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University of Iowa News Release

July 17, 2006

Bezanson Book Examines Crumbling Wall Between Church and State

A University of Iowa law professor believes that the legal principle of the separation of church and state will soon be replaced by a new notion that allows for more accommodation between the two institutions.

In his new book "How Free Can Religion Be," Randall Bezanson argues that this new notion of "accommodationism" means that government will be freer to embrace religion and encourage public participation in religion as long as it doesn't favor one faith over another.

"In the decisions it's made since 1990, the Supreme Court has put itself on the edge of a very sympathetic view of government's ability to foster religion in the public sphere, and I believe the court will continue to move in that direction," said Bezanson, one of the country's leading First Amendment scholars.

The book, published this month by the University of Illinois Press, is the third in a series of books Bezanson has written about the rights guaranteed in the First Amendment. The first two books in the series, "How Free Can Speech Be" and "How Free Can The Press Be," examined changes in legal doctrine as it related to the freedoms of speech and the press.

In his new book, Bezanson examines how legal concepts of the freedom of religion have changed since the mid-19th century. He said the First Amendment to the U.S. Constitution includes two guarantees that are often at odds--the so-called Establishment Clause that expressly prohibits government from establishing an official state religion, and the Free Exercise Clause, which guarantees Americans the right to freely practice their religion.

How the courts view these two often competing rights create a tension that has been a controversial part of the American legal landscape since the country's founding. In the past, the tension took form in debates over whether the Mormon Church's 19th Century practice of polygamy in Utah could be legally prohibited, whether Amish children should be forced to attend public school until age 16, or whether public school districts could provide bus transportation to Catholic school students. Today, this tension makes the headlines in such issues as school prayer, teaching creationism in public schools, exclusion of religious schools and students from state scholarships and school vouchers, and religious use of illegal drugs and alcohol.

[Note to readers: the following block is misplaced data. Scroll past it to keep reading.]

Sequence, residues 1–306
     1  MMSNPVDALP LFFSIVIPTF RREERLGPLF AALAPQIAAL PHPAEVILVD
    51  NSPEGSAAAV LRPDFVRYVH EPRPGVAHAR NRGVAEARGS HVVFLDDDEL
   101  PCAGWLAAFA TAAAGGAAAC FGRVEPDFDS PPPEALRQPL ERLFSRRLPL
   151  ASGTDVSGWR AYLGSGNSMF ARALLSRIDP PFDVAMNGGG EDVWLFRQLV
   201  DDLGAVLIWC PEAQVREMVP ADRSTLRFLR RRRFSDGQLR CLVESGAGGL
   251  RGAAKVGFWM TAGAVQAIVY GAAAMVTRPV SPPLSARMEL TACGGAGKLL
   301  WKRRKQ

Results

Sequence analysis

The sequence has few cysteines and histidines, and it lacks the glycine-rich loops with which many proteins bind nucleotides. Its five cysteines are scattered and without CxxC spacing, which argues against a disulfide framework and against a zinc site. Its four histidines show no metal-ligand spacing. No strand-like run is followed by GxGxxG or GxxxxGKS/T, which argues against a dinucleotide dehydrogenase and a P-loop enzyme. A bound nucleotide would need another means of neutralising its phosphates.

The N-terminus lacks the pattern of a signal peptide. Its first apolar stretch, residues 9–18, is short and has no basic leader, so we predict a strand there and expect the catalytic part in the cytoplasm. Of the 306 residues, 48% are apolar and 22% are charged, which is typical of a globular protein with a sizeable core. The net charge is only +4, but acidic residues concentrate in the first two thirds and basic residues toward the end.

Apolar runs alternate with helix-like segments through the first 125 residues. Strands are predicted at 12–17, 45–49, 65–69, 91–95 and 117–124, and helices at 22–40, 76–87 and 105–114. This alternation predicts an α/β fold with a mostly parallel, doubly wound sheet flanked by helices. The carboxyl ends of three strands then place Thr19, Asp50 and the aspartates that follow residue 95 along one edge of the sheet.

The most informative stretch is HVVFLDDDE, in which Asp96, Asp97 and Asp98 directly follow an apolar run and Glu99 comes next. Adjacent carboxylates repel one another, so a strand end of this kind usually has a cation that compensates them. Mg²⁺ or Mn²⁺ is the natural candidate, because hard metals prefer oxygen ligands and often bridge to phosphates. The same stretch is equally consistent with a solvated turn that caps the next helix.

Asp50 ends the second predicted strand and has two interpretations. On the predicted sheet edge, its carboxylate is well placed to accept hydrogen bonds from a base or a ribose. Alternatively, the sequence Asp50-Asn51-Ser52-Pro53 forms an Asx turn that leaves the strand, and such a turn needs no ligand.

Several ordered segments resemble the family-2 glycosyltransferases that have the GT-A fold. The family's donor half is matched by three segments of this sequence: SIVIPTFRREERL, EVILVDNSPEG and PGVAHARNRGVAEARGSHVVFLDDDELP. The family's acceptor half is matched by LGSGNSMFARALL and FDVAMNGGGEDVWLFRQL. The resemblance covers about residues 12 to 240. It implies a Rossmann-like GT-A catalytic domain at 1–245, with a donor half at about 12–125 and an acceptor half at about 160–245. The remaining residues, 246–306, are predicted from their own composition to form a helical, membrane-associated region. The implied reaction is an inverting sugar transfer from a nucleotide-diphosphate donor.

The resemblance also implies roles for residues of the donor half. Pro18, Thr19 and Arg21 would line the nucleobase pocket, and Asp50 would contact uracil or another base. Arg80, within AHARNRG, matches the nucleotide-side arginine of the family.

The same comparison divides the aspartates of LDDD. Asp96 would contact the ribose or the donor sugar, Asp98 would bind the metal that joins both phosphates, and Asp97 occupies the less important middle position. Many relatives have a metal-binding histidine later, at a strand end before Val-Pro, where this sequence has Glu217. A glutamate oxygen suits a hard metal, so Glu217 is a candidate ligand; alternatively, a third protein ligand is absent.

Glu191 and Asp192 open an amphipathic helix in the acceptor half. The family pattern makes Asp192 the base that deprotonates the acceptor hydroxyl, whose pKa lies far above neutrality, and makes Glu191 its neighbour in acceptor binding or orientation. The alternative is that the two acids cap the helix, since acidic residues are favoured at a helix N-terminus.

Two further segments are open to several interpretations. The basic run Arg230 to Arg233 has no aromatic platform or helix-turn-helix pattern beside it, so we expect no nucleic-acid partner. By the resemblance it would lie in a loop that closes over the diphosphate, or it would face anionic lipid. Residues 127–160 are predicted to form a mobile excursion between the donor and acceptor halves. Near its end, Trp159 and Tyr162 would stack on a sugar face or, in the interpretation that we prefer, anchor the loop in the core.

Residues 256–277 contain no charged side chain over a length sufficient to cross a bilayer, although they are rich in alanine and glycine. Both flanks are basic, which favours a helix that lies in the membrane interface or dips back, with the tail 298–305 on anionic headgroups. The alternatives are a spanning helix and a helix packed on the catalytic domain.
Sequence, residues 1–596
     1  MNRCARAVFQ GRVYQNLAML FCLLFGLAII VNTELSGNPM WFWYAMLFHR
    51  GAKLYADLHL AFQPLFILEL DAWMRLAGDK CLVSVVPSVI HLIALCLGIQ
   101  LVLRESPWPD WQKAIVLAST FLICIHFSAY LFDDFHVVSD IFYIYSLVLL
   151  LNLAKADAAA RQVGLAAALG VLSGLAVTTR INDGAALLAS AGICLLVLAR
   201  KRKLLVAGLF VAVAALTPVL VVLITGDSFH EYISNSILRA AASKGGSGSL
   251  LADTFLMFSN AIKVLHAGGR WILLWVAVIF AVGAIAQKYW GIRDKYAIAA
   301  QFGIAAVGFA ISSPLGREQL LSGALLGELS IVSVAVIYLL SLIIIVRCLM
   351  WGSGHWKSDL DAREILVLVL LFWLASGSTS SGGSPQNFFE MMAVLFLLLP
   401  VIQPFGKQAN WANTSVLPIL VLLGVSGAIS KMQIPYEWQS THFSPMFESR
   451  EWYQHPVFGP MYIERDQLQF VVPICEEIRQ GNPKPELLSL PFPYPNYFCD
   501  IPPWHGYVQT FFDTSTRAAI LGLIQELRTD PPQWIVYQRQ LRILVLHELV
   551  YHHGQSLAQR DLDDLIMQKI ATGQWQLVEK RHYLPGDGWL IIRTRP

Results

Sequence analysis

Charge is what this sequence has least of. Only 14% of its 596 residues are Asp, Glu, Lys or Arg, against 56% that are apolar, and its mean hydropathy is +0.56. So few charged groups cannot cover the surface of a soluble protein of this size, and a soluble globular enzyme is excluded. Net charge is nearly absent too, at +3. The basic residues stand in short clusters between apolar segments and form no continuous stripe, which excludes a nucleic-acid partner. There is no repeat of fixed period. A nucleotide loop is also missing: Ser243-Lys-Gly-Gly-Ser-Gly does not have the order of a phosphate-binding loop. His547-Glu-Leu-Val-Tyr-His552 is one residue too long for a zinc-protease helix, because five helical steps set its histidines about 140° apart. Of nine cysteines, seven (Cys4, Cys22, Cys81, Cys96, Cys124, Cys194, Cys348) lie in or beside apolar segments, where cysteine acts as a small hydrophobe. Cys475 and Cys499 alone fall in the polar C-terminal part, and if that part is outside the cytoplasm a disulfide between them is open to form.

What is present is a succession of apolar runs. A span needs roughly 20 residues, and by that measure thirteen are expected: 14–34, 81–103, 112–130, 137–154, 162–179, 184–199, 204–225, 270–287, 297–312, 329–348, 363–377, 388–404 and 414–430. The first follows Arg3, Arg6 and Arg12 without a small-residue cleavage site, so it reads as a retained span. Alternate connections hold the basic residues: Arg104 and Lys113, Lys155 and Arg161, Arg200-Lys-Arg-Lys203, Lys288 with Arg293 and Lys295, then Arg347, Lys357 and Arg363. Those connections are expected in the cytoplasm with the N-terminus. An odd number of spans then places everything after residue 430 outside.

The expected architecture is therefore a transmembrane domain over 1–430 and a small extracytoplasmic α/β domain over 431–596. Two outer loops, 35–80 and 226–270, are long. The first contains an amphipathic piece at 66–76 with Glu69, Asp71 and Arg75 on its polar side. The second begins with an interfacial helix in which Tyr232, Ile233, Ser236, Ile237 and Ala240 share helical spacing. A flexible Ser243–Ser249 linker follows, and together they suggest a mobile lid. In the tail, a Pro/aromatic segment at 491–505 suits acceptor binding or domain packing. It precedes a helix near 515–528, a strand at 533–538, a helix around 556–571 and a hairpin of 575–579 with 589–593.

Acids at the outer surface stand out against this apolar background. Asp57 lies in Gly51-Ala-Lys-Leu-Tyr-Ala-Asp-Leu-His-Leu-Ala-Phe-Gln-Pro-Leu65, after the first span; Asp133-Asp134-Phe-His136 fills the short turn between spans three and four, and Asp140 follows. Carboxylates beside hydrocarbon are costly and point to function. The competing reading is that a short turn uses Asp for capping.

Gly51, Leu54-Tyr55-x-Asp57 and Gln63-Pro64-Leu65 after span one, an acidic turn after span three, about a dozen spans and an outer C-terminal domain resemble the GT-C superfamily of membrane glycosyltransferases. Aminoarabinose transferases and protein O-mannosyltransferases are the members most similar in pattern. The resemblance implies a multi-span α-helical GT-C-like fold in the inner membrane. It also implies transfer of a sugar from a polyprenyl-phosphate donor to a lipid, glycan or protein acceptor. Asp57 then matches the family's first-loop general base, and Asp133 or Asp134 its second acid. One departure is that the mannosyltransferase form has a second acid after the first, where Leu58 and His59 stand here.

Bezanson said the book was not written from any single point of view, and he doesn't attempt to persuade readers that any one set of opinions is more valid than another. His goal, he said, is to provide objective information and alternative arguments by analyzing written opinions and Supreme Court transcripts that people can use in an informed discussion.

"The role of religion in our public life presents genuinely difficult questions. Intelligent people can arrive at completely different conclusions," he said. "Unfortunately, the public debate is very polarized and not very helpful for people who want to reflect on the roles of government and religion in our society. I hope the information in this book helps enlighten the debate."

In his book, Bezanson examines eight significant Supreme Court decisions that are pivotal in demonstrating how today's legal doctrine came to be defined. The cases were selected, he said, based not only on their legal power but on the compelling stories they tell.

"The people involved in these cases are interesting," Bezanson said. "They're unique individuals with fascinating stories, and none of them are 'good' people or 'bad' people. They're simply everyday people standing up for what they think is right."


For more information about the book, including an order form, from the University of Illinois Press:

For more information about Professor Randy Bezanson:

STORY SOURCE: University of Iowa News Service, 300 Plaza Centre One, Suite 371, Iowa City, Iowa 52242-2500.

MEDIA CONTACT: Tom Snee, 319-384-0010,